On the syndication between the private and public venture capitalists
Finance Seminar by Yan Alperovych (EM Lyon)
November 2018, Wednesday 14 (1:00 pm) - N1 – Room 1701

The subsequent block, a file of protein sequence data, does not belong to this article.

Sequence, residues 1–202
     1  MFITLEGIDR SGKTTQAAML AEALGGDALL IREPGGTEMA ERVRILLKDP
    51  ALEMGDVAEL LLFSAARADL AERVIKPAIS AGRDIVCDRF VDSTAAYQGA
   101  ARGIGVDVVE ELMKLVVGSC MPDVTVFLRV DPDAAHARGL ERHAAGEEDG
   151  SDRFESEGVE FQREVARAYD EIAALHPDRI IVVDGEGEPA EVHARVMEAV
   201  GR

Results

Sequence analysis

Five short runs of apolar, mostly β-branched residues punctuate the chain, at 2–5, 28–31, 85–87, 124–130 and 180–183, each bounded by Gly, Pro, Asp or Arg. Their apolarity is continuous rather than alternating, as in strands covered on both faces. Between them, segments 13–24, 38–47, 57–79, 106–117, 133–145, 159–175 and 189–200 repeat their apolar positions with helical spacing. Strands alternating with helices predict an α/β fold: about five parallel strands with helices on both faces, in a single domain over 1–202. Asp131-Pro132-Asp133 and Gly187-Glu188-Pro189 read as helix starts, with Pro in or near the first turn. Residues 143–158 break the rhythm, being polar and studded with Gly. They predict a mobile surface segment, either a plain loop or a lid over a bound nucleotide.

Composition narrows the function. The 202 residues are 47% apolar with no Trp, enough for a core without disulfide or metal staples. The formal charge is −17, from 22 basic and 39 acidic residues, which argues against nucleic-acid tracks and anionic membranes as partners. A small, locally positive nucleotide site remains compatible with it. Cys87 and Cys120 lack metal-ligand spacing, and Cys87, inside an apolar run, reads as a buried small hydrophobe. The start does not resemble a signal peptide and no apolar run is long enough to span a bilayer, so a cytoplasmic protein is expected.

There is ample evidence that Governmental Venture Capital (GVC) funds exert a negligible role on the performance of target ventures, except when they syndicate with private Venture Capital (PVC) investors. Yet, the origination of PVC-GVC syndicates still received no academic attention. Interestingly, very often lead PVC investors decide to invite GVC in their syndicate. In this paper we study the reasons why PVC would chose to do so. While most of the motivations for syndication highlighted by existing literature do not seem to explain the choice of PVC to syndicate with a GVC, we identify three motivations that instead could be relevant. PVC investors could decide to partner up with GVC to i) build a track record, if they do not have one, 2) to diversify their portoflio and invest outside of their industry “comfort zone”, and 3) to invest in risky opportunities, exploiting GVC as a way to lower the exposure to the venture’s risk. We provide evidence on these three causes for syndication with GVC based on a unique international sample of syndicates in which PVC is the lead investor. We show that less experienced PVC investing in industries where they are less comfortable are more likely to invite a GVC partner. In first rounds, also the industry riskiness seems to motivate such choice. We also show that PVC that in the first years of their life partner up with GVC more often, later are able to build a track record faster, and syndicate more with other PVC. Interesting differences emerge across geographical locations: the track record argument is more strongly supported in Europe, while the comfort zone argument effect is driven by US-based syndicates. This result suggests that GVC has a role in the development of VC markets, but such role is different in different economies.